How does your county grow?
of Bellingham executive director Jim Darling knows a thing
or two about economic development. According to him, one
of the most important sources of development aid is federal
funds. To get them requires a well-thought out strategy.
Speaking at a Blaine Chamber of Commerce economic development meeting April 24 at Resort Semiahmoo, Darling said a unified county approach is essential. In order to get any federal funds, we need to have a county-wide strategy in order to ensure that one community doesnt fight with others over which gets top ranking, he said. Federal funding requests are generally ranked in order of priority by Whatcom County before being submitted to various federal agencies.
Darling described the process currently underway to develop funding priorities for consideration by the county. It is being led by the Partnership for a Sustainable Economy, a consortium of different entities, including the Port of Bellingham, Whatcom County, each of the seven cities in the county and Public Utility District No. 1
The Partnership for a Sustainable Economy wants to hear from people in Whatcom County about the best ways to improve the local economy. The Partnership is hosting a series of eight community workshops throughout the county where it will tell people about goals it has developed and will get their comments on the best ways to meet those goals.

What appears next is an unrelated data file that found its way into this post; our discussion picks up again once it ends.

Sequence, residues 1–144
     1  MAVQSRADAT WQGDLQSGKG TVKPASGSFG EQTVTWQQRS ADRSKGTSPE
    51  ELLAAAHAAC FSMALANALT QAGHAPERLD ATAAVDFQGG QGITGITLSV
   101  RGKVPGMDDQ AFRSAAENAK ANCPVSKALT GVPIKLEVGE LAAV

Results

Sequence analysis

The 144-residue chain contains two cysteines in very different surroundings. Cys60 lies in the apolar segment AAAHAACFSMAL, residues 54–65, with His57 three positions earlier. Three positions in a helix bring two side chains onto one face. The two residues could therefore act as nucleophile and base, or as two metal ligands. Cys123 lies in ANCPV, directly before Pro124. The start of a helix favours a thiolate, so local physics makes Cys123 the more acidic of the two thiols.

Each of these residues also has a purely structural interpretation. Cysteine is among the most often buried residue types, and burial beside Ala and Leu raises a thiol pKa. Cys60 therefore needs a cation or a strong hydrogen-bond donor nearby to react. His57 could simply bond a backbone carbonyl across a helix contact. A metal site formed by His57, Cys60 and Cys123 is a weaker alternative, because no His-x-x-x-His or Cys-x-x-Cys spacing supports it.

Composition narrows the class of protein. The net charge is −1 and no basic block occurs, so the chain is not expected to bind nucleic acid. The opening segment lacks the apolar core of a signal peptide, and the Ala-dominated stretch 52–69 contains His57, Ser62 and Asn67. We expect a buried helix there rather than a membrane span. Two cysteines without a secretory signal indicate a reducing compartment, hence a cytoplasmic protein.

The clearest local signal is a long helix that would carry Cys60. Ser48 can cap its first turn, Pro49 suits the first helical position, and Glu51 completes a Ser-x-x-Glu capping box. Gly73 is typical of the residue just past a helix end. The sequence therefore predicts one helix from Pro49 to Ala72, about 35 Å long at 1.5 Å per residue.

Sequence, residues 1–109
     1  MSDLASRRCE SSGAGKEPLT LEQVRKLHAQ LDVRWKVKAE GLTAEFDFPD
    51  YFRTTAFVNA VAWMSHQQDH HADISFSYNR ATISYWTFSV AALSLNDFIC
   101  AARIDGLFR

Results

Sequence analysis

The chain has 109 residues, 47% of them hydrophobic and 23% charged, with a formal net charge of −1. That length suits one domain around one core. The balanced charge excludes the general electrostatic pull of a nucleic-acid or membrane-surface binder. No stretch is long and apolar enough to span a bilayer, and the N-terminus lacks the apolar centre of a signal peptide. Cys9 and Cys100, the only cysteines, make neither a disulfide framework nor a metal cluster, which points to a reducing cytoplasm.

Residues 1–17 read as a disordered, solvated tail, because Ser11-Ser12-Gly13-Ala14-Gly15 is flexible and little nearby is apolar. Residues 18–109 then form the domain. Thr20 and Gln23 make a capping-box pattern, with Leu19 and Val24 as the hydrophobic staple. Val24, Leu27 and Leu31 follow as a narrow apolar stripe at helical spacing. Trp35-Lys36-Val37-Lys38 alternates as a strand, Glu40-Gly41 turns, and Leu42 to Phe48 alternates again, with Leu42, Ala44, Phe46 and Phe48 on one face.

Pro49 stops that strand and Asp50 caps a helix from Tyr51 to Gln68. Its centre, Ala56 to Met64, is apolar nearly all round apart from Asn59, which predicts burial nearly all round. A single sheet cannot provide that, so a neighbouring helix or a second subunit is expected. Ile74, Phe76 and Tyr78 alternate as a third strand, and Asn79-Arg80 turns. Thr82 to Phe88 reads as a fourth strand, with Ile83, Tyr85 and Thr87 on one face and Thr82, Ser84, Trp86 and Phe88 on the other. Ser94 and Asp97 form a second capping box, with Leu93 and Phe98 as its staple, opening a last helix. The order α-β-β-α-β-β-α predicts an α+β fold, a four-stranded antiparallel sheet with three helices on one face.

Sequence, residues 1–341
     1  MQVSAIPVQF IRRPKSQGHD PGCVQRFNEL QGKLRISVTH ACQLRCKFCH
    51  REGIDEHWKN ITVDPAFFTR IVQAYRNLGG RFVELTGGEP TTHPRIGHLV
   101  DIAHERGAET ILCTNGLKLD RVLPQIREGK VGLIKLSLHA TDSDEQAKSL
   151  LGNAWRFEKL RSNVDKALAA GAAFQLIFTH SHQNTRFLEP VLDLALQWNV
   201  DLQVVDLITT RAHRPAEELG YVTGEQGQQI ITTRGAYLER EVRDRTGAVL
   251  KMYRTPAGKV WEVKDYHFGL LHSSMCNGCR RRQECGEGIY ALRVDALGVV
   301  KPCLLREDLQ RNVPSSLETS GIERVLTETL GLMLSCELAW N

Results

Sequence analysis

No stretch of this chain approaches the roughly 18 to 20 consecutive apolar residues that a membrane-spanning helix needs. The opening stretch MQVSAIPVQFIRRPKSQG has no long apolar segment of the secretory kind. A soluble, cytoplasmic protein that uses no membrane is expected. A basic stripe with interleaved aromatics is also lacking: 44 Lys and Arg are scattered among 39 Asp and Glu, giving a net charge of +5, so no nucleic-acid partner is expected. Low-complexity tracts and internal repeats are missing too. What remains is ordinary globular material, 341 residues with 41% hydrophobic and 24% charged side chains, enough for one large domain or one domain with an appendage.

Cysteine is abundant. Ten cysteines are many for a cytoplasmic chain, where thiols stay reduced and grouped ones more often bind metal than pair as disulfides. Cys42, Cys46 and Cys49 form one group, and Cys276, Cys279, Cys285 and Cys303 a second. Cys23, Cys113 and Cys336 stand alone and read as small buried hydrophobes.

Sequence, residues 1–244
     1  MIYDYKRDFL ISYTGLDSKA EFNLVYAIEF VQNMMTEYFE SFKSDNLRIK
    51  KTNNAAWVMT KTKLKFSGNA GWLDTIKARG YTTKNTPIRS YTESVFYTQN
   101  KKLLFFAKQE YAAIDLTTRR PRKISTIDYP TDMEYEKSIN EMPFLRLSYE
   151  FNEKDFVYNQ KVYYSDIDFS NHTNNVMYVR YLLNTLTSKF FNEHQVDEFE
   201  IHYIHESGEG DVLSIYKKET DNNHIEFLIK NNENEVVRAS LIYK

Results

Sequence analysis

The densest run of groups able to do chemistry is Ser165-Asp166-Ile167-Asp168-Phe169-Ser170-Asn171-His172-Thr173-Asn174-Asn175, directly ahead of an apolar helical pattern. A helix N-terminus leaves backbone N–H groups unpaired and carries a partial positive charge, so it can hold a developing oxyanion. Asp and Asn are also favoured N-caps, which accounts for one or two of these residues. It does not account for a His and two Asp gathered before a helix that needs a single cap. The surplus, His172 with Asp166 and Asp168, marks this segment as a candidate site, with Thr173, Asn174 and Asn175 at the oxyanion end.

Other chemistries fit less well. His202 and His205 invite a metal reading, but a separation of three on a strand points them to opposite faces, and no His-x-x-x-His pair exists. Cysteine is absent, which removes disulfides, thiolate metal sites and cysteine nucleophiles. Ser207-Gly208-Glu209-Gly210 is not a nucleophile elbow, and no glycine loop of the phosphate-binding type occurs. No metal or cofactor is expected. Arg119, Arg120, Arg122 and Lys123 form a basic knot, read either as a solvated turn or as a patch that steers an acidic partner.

The Partnership for a Sustainable Economy is a partnership that was formed in 2001 to provide an opportunity for coordination of the many current efforts underway in the county to promote a balanced and healthy economy. Last fall, the Partnership formed an advisory committee representing a broad section of the county to make recommendations of the specifics of Whatcom Countys blueprint for a healthy economy.
The blueprint, officially called a Comprehensive Economic Development Strategy (CEDS), is a regional planning effort underway that will decide how the economy can be enhanced, how it can stay strong or become stronger, and what the community envisions for the future of Whatcom County.
The advisory committee has completed a regional vision and goals statement, and has drafted specific economic development strategies. On March 19, they hosted an economic strategy session in Bellingham. Ninety community members representing a cross-section of local interests attended the event.
The advisory committee is now seeking the communitys feedback on the work they have done to date and asking for help in prioritizing the strategies to accomplish Whatcom Countys desired economic future.
The local communities will then complete the strategy suggestions to allow the advisory committee to finish the plan. The plan will be presented to Whatcom County Council for approval later in the summer.
The meetings are scheduled for the following communities. All meetings will start at 6:30 p.m. unless otherwise noted and will last approximately two hours..